Saturday, October 2nd, 2010
Like many people, I rushed to theatres in late 2009 to watch Avatar in stereo 3D. I viewed it with a large group of people and found that several members of the party experienced nausea or fatigue throughout the film. It turns out a significant percentage of the population1 is either stereo-blind or experiences discomfort when viewing 3D content, so this result isn't too surprising.
Immediately after finishing my first viewing of Avatar, I drove across town to catch a second showing using a different stereo technology and made a few observations that I believe may have contributed to viewer discomfort.
Ultimately, even the best stereo 3D content will still cause discomfort for some percentage of the population due to the inherent nature of the technology. As a result, given a sufficiently large group of moviegoers, some percentage is likely to prefer a 2D version over a 3D one. In these circumstances, a simple tweaking of the free 3D glasses given out at the theatre will allow a viewer to watch a 3D movie in the comfort of 2D.
A simple modification to a pair of passive stereo 3D glasses will enable the wearer to watch a 3D movie but perceive it in 2D, and thus without any stereopsis induced discomfort or fatigue. The following is a simple guide that can be completed in a movie theatre in about two minutes.
For this guide we'll be using the standard Real-D glasses that are handed out for free at the theatre. We'll need an even number of them so you may need to ask the attendant for an extra pair.
This process requires two pairs of 3D glasses, but will produce two pairs of De-3D glasses in return.
Note that attendants are not technically supposed to hand out extra pairs of the glasses, but I've never had a request denied.
We'll also need an adhesive for this process. I prefer to use a glue gun at home, but tape or a quick drying glue is recommended when performing this in a theatre.
The reason we've chosen Real-D glasses is because of the following two reasons:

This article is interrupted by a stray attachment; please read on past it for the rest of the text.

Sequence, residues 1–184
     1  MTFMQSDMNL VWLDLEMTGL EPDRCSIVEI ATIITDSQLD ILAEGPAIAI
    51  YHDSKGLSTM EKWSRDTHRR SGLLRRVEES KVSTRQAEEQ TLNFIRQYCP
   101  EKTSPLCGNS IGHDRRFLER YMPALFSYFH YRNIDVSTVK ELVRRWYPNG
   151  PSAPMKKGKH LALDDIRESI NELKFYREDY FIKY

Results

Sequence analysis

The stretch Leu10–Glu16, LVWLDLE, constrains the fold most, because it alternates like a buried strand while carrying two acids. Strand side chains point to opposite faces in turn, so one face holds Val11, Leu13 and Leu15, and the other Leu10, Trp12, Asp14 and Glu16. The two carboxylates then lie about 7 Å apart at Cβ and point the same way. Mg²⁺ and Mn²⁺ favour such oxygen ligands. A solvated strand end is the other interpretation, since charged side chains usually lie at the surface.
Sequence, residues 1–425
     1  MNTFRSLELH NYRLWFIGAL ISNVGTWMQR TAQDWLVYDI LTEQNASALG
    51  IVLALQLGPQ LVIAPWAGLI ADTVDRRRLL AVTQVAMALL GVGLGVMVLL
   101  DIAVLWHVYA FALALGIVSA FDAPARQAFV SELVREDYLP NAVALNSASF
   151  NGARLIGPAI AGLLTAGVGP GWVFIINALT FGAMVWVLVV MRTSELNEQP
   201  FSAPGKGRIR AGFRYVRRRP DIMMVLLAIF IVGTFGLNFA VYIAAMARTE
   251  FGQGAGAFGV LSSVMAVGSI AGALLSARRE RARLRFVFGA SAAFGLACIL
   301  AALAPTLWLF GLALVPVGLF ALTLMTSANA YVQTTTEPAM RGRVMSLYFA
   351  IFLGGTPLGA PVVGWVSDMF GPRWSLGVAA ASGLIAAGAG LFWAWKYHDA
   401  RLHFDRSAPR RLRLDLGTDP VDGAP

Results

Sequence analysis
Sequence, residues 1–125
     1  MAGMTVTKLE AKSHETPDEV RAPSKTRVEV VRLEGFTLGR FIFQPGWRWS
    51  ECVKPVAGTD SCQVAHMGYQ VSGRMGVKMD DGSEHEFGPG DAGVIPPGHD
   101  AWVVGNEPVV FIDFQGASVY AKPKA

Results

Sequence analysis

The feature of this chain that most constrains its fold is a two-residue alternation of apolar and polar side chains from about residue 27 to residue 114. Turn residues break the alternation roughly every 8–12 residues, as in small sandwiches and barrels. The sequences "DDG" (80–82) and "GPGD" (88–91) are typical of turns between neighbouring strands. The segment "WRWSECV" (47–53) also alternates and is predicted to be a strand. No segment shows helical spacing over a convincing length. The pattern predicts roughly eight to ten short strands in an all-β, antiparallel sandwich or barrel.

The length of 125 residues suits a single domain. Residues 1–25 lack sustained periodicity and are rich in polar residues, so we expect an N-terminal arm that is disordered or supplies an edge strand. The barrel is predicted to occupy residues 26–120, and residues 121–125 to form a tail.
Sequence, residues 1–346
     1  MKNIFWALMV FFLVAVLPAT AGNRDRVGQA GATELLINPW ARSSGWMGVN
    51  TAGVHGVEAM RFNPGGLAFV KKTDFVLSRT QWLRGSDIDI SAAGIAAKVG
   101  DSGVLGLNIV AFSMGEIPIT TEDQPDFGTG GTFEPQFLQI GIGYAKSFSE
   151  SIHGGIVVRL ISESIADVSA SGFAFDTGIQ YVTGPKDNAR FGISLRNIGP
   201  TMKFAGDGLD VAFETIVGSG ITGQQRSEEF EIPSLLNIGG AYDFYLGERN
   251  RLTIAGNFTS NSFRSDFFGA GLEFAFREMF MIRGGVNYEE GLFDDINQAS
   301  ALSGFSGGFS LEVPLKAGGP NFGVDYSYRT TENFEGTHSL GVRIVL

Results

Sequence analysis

The lenses on these glasses are easy to dismantle. We're optimizing for ease of construction and speed so that the process can be readily performed in a theatre with little to no preparation.
These glasses are circularly polarized as opposed to linearly polarized. Although this isn't a great concern, it means that we do not need to be quite as precise when reconfiguring our filters (later step) as we would need to be if we were using linearly polarized glasses.
Step One: Lens Removal
Our first step is to remove the LEFT lens from our first pair of glasses, and then remove the RIGHT lens from the other pair. The lenses on these Real-D glasses are not secured, so we can pop them out by applying a light blunt pressure to the lower and inner side of the lens. I use a pen or pencil eraser as shown in the image below.
The lenses will pop out relatively easily once the initial portion is ejected. Be careful not to scratch, tear, or bend the lenses, as this may reduce their overall effectiveness.
Step Two: Lens Swap
Once we've removed the lenses from each pair of glasses, we will swap them and reattach to the other pair.
For example, in our image to the left, we remove the RIGHT lens (from our perspective) from the lower pair and attach it into the LEFT slot of the top pair.
Similarly, we remove the LEFT lens from the upper pair and attach it to the RIGHT slot of the lower pair.
Be careful to avoid accidentally flipping the lenses so that we preserve their direction.
When reattaching a lens onto the opposite pair, the lens should not "fit" neatly into the surrounding frame. If it does, then you have likely flipped the lens and should double check your work.
Step Three: Reattaching the Lenses
Our next step is to reattach each of the lenses to their new frames. In a theatre, a quick solution is to simply apply tape or a quick drying glue to affix the lenses to their frames, and this should suffice for the duration of the film. Given more time, the lenses can be glued to their frames using a hot glue gun or other stronger adhesive.
In either case, place the glasses face down and lay the appropriate lens over the empty slot. Apply the adhesive to several spots along the inside of the frame, forming a bond between the lens and the frame. Recall that the lenses do not need to be perfectly oriented, as some rotation is acceptable (but no flipping!).
Stereo 3D theatres present a unique image to each eye by projecting polarized light and using head mounted polarized light filters (i.e. the glasses). By swapping the lenses between two pairs of these glasses, we've enabled one pair to exclusively filter the left image, while the other pair only filters the right image. As a result, the wearer will perceive a single image with both eyes, which should completely eliminate the nausea typically experienced with a stereo 3D film.
Upon completion of the steps above you should have two pairs of De-3D glasses that look indistinguishable from regular 3D glasses upon casual observation. Wearing either of these glasses enables a viewer to watch a stereo 3D film but perceive it in 2D.
A number of new resources have popped up for generating 3D-to-2D glasses. Most notably, you can now purchase 3D-to-2D glasses from several online retailers, including Amazon.
1 Article updated to reference more recent research, 2013.
2 Article updated with information about other available resources, 2014.